Direct Mail – Good for the Environment, Good for Business!

Direct Mail – Good for the Environment, Good for Business!

As a professional in the direct mail / printing industry, I’ve heard countless times “Direct Mail is Bad for the Environment”, “You’re a Tree Killer” and the ever popular – “Al Gore is going to get you…..”. Wow, are people bored or simply uninformed? Take a look at these facts:

Print Values Trees
Most paper now comes from sustainable forests. These forests are essentially “tree farms,” where trees are grown as a crop, just like broccoli or wheat. When these trees are harvested, new stocks are planted. Print on paper gives landowners a financial incentive to renew forests rather than convert them for other uses, such as agriculture or development.[1]

Print Uses “Waste”
One-third of the fiber used to make paper comes from wood chips and sawmill scraps; another third comes from recycled paper.[2] Overall, in the United States nearly 80 percent of the almost 400 paper mills use recovered fiber to make some or all of their paper products, and of these, approximately 200 mills use recovered paper exclusively.[3]

Print is Recycled
But that is not the complete story. Print on paper is recycled and reused. In 2009, for example, 63.4 percent of all paper used in the United States was recycled, and this number increases each year with more deliberate curbside and drop-off collection systems.[4] Recycled paper is used to make everything from construction products to consumer goods.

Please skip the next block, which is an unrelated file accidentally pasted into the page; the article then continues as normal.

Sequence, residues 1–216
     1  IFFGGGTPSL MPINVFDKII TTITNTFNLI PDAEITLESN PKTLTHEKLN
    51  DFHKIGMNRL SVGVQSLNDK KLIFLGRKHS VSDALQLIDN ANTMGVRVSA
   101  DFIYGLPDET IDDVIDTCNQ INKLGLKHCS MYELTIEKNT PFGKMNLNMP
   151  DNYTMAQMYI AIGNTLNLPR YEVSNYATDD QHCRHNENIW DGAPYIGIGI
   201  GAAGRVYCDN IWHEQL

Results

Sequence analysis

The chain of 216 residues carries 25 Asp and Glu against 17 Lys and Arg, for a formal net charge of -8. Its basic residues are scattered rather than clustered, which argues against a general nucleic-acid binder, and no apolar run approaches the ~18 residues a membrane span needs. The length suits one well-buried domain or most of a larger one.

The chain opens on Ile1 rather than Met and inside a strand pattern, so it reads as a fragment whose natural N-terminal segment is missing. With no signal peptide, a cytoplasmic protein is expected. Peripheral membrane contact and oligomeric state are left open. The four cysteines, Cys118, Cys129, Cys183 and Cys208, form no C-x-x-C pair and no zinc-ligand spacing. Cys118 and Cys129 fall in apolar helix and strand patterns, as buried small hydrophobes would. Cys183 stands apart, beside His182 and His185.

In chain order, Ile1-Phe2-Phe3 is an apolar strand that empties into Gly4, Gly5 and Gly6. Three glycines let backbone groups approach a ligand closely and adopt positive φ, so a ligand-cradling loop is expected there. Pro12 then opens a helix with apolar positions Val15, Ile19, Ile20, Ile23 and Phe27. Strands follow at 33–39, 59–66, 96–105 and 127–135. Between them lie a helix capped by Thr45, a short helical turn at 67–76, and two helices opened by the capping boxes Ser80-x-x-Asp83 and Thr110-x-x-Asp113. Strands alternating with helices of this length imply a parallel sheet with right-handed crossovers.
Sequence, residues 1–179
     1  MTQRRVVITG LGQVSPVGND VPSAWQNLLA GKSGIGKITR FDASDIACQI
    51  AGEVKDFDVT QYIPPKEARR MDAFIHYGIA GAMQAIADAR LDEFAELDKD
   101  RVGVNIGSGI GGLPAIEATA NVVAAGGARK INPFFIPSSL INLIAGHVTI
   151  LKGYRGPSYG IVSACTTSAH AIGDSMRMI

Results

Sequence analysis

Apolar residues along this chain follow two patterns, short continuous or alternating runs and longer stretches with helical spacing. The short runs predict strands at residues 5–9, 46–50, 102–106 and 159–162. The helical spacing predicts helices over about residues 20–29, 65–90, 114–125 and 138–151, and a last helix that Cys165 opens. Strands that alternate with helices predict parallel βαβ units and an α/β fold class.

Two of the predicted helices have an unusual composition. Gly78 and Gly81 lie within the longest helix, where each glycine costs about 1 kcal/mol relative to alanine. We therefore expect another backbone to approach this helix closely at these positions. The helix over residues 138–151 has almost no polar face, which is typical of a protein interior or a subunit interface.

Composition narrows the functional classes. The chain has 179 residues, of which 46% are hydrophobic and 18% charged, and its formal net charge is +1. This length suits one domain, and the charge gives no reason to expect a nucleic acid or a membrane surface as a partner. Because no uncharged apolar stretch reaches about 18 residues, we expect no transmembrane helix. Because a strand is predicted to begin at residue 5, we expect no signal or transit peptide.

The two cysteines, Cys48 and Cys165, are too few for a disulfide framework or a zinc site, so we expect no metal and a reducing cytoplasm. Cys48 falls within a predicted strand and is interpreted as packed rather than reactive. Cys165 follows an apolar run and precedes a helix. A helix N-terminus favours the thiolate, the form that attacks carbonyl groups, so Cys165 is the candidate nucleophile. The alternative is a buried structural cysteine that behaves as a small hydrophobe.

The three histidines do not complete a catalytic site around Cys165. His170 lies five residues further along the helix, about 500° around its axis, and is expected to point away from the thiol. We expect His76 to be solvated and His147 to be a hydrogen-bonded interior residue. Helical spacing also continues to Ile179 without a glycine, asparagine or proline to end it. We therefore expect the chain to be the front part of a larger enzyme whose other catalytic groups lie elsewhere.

Print is Responsible
Just 11% of the world’s forests are used for paper, and in the U.S. the wood used to produce paper all comes from certified forests.[5] The Forest Steward Council (FSC) and Sustainable Forest Initiative (SFI) track fiber content from certified lands through production and manufacturing to the end product. There are certified forests in over 80 countries.

From sustainable forests to the renewable nature of trees and the recyclability of paper, the print and direct mail industries have a positive environmental story to tell—one in which print on paper and healthy forests thrive hand-in-hand.

[1] Edward L. Glaeser, Professor of Economics, Harvard University, “A Road Map for Environmentalism,”
Boston Globe, May 21, 2007.
[2]U.S. EPA,Office of Solid Waste.
[3]American Forest and Paper Association.
[5]International Paper, Down to Earth, “Is it Worth Printing?”